What’s going on with Get Real?

On a chilly and slightly damp autumn day, with the summer break well and truly over, Research Associate Thomas Morton restarted the Meeting Centre webinar series with an update from the ‘Get Real with Meeting Centres’ project. The project began in January 2021 and is looking at factors affecting the sustainability of Meeting Centres for people affected by dementia in rural areas to see what lessons can be learnt to help emerging Meeting Centres.

The project involves a team from within the Association for Dementia Studies, as well as a number of collaborators from different organisations.

Image showing two slides from the presentation. These have photos of the ADS team and a screenshot from an online meeting of the Collaborator group

Get Real is using a realist evaluation approach, aiming to uncover ‘what causes what?’ with a focus on keeping Meeting Centres going. Essentially, we’re looking to end up with statements that say ‘if this is the case or you do this, people are likely to respond in this way and you get this outcome’.

The project is organised into five work packages with each WP looking at a particular aspect, with the overall work centring around three case studies:

So, what have we done so far and what have we got left to do?

Work Package 1 – Public/stakeholder involvement

Within this work package we have had a range of input to help us plan the project, check we’re asking the right questions, and develop our data collection materials. You can find out about one of our consultation activities in a previous Get Real blog.

Work Package 2 – Meeting Centre site case study data gathering

Interviews and group discussions have been carried out at each Meeting Centre case study site, capturing the views of members, family carers, staff, volunteers, trustees and external collaborators. We now want to revisit and interview a lead/manager at each Meeting Centre to explore the legacy of Covid. What has changed at the Meeting Centre as a result of Covid? Has it had a long-term impact or have things returned to ‘normal’?

Work Package 3 – Discrete Choice Experiment questionnaire

The focus of this work package has been a survey for family carers to find out what they, and the person they support, value most about Meeting Centres. We’re also carrying out focus groups with Meeting Centre members to explore some of the same questions in a more accessible format, to help triangulate our findings.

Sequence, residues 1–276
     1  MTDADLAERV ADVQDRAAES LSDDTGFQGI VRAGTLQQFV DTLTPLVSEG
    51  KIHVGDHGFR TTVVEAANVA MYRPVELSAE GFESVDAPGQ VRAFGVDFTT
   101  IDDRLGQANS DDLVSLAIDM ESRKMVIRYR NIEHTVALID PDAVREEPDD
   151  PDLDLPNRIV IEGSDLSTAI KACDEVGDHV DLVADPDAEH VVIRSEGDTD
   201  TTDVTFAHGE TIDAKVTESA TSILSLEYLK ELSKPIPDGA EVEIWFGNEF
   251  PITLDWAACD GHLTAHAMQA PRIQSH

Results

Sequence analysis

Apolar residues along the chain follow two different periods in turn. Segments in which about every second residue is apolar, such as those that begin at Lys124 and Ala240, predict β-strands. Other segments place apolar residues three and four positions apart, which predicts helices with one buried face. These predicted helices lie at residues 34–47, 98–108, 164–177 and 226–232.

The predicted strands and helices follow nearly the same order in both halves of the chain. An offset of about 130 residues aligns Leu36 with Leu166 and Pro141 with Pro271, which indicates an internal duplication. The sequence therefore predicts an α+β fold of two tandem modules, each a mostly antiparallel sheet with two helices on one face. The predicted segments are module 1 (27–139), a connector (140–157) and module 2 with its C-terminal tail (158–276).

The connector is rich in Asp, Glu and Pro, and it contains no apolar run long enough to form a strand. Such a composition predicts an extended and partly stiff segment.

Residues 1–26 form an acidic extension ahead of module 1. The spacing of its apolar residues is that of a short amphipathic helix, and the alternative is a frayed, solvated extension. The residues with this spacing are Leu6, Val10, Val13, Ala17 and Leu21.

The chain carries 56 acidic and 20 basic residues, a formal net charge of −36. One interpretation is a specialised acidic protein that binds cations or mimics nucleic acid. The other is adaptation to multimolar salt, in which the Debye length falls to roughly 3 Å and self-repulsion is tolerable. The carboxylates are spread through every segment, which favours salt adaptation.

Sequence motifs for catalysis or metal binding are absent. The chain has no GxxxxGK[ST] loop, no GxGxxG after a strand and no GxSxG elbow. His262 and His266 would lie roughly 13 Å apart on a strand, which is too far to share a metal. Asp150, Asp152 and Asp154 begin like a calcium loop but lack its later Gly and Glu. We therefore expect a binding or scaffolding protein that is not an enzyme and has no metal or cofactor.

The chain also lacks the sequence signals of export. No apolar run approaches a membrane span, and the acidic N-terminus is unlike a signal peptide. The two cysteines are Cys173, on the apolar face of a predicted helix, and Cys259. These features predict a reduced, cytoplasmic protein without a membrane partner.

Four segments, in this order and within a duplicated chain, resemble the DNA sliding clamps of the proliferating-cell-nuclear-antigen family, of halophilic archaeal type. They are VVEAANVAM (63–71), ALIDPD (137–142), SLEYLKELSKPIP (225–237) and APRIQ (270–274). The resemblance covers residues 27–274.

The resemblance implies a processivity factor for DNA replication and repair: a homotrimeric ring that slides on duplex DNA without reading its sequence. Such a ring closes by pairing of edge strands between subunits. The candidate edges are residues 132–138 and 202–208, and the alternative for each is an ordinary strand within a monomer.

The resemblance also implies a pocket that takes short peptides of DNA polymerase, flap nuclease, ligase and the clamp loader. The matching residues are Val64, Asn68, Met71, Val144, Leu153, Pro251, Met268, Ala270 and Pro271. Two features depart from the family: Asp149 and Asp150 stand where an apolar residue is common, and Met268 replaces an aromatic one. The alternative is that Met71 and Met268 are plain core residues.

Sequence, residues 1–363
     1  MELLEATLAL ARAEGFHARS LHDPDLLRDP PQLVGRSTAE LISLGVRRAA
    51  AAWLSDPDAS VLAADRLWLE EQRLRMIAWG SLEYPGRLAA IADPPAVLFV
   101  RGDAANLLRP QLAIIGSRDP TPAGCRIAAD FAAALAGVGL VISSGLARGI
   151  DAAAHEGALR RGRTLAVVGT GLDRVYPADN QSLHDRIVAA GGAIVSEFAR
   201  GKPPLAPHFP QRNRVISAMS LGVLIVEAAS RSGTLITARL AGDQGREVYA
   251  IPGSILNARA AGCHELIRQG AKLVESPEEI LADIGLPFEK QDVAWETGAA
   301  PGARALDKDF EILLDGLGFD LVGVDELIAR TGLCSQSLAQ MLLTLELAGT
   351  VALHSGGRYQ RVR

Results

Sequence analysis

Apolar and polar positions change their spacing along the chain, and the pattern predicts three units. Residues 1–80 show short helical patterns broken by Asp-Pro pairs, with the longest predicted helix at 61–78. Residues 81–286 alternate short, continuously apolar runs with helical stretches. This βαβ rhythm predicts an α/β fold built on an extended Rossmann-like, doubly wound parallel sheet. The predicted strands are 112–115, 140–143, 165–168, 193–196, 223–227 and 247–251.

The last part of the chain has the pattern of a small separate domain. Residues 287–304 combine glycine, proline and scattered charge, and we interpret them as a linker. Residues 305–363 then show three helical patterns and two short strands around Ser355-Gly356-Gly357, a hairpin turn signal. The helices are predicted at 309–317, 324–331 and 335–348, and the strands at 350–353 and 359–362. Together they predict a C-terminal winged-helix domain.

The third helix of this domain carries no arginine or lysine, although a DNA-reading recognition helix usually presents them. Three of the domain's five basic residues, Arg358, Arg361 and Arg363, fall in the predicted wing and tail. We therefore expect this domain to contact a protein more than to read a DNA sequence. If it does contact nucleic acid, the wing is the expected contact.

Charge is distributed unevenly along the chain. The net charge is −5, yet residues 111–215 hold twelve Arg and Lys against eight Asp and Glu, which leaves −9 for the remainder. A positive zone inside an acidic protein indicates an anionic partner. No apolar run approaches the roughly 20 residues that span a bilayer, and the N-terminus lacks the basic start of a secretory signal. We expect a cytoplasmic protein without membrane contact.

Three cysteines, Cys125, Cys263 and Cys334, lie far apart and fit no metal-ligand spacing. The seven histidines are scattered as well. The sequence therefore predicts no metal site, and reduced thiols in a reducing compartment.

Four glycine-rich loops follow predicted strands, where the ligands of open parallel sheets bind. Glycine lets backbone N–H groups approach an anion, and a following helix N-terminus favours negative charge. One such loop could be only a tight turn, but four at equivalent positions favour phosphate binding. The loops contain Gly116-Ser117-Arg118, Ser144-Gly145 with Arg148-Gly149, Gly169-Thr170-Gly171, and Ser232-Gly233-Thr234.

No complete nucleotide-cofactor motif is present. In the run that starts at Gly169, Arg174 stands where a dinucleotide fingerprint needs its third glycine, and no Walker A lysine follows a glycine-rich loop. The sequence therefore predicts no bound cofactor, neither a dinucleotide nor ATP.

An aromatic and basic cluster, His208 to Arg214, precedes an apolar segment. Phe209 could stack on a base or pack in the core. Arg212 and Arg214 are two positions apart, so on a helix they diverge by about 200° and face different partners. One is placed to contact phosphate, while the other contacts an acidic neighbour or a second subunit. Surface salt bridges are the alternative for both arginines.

If you are a family carer or friend with experience of Meeting Centres, there’s still time (but not much!) to do the survey, just use this link. The survey will be closing mid-October, so this is your last chance to get involved.

Work Package 5 – Who is not being reached?

(We know, it’s in the wrong order, but go with it!) This work package was an additional piece of work that came about after the original Get Real project was funded and underway. It focuses on using demographic data from Herefordshire and Worcestershire to compare information about Meeting Centre members and carers to Government, Local Authority and NHS data to see who doesn’t attend Meeting Centres. Interviews with staff, health and social care professionals, people living with dementia, and family carers have also been conducted to find out and explore some of the reasons why people don’t attend Meeting Centres. Is it because they don’t know about them? Maybe they don’t understand what they are and think they’re not appropriate, or maybe they can’t attend as they don’t have transport. That’s what this work package is trying to find out.

A report is being finalised to show where people attending Meeting Centres in Herefordshire and Worcestershire are living, and the interviews are being analysed to feed into work package 4 (see, that’s why we told you about this bit first!).

Work Package 4 – Developing theory and materials

As part of this work package we’re going through all of the transcripts from the interviews and focus groups from each Meeting Centre to identify the common themes and where there are differences. Ok, so it’s a bit more complicated and involved than that (see the image below and a previous blog to get a feel for what’s going on), but that’s essentially the goal. Once we’ve done this for all of the Meeting Centres we’ll need to draw out ‘what causes what with regards to helping or hindering sustainability?’ This can then be combined with information from work packages 3 and 5 to enable us to develop some overall recommendations.

Slide showing example diagrams and the key systems: membership, finance, internal relationships and external relationships

What have we found so far?

While we’re still in analysis phase of the project, some themes that have been identified so far include:

  • A competitive short-term ‘bid and tender’ system of funding doesn’t support stability and sustainability – it means the venue, staff, and the resources they need to do their job are perpetually under threat and may need to keep changing to adapt; and if people have to keep putting time and effort into finding funding, they can’t focus fully on actually running the Meeting Centre